Besides creating a template for Chinland’s inclusion in a future federal Myanmar, various Chin actors have implemented autonomous governance on the ground. Chin State’s Mindat was the first embattled township in which resistance forces reopened schools. By October 2021, over 300 striking civil servants and teachers were volunteering in Mindat’s schools, allowing 2,800 primary students to learn from the NUG’s curriculum. These schools were run by the Mindat People’s Administration, one of several NUG-linked bodies seeking to implement local governance in ‘liberated’ areas. Since then, nearly 330 schools have been established in Mindat and Kanpetlet townships, Chin State and in Kani township in northern Sagaing.
Compared to elsewhere in Myanmar, as researchers have observed, administration systems in Chin State are advanced. They chalk this up to three factors: the determination of young Chin leaders, the support of the worldwide Chin diaspora and the importance of customary governance in Chin society. Even before the coup, the state had limited reach in parts of Chinland, therefore allowing customary governance systems to persist at a sub-township level.
The humanitarian cost of burning villages
Despite being outmatched in terms of weapons technology and combat experience, resistance fighters across northwest Myanmar have thus far outmanoeuvred the SAC. Moreover, northwest Myanmar has been a forerunner to the wider anti-SAC movement: local populations formed PDFs, envisioned local governance structures and put these into practice before the NUG made inroads into these projects. Conflict has also revitalised the CNF, which, while militarily dormant before the coup, now supports CDFs in Chin State and PDFs elsewhere in the northwest. A shared desire to oust the SAC has been the final unifying force Chin populations needed to tip ethnonational sentiment into an armed uprising.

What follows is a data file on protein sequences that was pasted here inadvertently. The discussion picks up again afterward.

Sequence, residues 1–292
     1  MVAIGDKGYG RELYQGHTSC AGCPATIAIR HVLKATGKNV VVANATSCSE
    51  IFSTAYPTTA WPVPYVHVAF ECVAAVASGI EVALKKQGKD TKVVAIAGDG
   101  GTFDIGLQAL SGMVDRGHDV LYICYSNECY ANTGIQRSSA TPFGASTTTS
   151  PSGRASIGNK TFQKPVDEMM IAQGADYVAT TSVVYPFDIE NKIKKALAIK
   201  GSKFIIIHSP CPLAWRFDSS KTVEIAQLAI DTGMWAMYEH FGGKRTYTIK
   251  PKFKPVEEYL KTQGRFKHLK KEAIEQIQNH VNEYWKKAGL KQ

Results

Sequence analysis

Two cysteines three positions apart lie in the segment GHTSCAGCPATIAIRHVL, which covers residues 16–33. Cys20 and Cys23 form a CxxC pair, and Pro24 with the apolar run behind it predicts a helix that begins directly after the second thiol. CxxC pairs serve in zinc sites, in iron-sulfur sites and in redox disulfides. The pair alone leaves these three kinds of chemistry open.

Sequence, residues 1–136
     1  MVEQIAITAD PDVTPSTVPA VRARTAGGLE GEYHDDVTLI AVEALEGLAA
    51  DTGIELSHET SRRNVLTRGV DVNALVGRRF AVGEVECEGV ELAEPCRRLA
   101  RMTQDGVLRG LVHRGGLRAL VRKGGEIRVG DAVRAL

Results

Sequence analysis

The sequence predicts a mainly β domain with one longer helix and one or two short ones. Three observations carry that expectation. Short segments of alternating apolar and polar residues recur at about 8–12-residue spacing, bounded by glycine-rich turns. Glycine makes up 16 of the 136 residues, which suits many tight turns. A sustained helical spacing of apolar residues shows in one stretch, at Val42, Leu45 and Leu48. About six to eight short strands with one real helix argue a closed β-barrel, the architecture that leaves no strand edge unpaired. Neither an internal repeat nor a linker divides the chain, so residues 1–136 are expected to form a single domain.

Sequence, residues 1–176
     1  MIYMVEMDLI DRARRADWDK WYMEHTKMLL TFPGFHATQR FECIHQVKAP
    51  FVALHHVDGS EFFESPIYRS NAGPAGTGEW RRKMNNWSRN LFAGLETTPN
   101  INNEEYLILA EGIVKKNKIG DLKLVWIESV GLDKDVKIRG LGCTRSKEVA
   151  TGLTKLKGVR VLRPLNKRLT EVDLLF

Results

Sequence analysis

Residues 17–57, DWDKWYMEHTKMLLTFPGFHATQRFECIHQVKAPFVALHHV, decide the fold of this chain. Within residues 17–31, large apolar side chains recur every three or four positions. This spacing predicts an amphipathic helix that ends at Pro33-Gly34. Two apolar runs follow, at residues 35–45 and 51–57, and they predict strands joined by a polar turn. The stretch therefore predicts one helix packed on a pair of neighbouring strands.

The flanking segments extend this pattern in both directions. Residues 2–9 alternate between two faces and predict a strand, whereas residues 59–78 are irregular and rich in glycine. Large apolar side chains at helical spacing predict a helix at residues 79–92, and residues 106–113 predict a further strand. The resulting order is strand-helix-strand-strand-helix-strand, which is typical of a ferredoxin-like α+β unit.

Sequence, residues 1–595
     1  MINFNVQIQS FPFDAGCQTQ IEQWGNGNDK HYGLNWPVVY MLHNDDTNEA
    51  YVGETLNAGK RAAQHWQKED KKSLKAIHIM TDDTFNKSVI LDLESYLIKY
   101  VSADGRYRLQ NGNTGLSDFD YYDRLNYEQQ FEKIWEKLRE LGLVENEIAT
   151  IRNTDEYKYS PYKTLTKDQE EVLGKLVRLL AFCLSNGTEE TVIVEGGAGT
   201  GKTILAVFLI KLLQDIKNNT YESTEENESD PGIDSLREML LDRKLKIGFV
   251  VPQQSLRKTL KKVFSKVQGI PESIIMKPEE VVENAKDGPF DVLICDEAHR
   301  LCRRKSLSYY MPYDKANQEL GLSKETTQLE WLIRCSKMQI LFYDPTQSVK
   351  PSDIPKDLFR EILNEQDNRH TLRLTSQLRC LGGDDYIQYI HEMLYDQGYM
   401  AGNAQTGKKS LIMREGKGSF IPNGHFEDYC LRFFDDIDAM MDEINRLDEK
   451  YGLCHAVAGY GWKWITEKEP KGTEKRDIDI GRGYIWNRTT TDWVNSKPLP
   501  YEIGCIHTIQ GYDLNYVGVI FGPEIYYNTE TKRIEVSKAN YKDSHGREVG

The CDFs’ and the PDFs’ vehement resistance has resulted in a brutal backlash. Post-coup, northwest Myanmar has received international attention due to the Tatmadaw’s indiscriminate assaults on civilian targets. In May 2021 in Mindat town, SAC forces fired into streets, causing 90% of the town’s 25,000 inhabitants to flee. But the most poignant symbols of the SAC’s attempts to pacify the northwest are its charred villages and homes. These result from scorched-earth campaigns that have been documented in local and international media, accompanied by satellite images, leaked SAC documents and the testimonies of defecting soldiers.
The research group Data For Myanmar has documented more than 28,000 houses having been burnt down by the SAC in the 19 months since the coup, of which over 20,000 were in Sagaing. Nonetheless, the best documented instance of arson has been in Thantlang, Chin State, which the SAC destroyed in September 2021, displacing nearly all of the town’s 12,000 residents. The Washington Post found that the onslaught had been planned as early as June 2021, when leaked documents indicated that soldiers were authorised to ‘clear’ the area; an ominous echo of the Tatmadaw’s ‘clearance operations’ against the Rohingya in 2017. Then in August 2021, the SAC warned town elders that Thantlang would be burnt down unless its inhabitants cooperated with SAC rule. SAC forces did so a month later, shelling it and setting fire to the town. They then looted the remaining homes before conducting additional rounds of arson. The Post’s analysis of satellite imagery indicated that the SAC had destroyed 30% of Thantlang’s 2,000 buildings.
Many who have been displaced or joined PDFs no longer have a home to return to. In August 2022, the United Nations reported that more than 600,000 people had been internally displaced in Chin State, Sagaing and Magway, with a further 42,000 people seeking shelter across the Indian border. The SAC’s phone and internet cuts in Sagaing – which target areas outside major towns – coupled with runaway inflation, the rising price of commodities and the depreciating kyat mean that peacetime livelihoods are increasingly unviable.
Aid at an impasse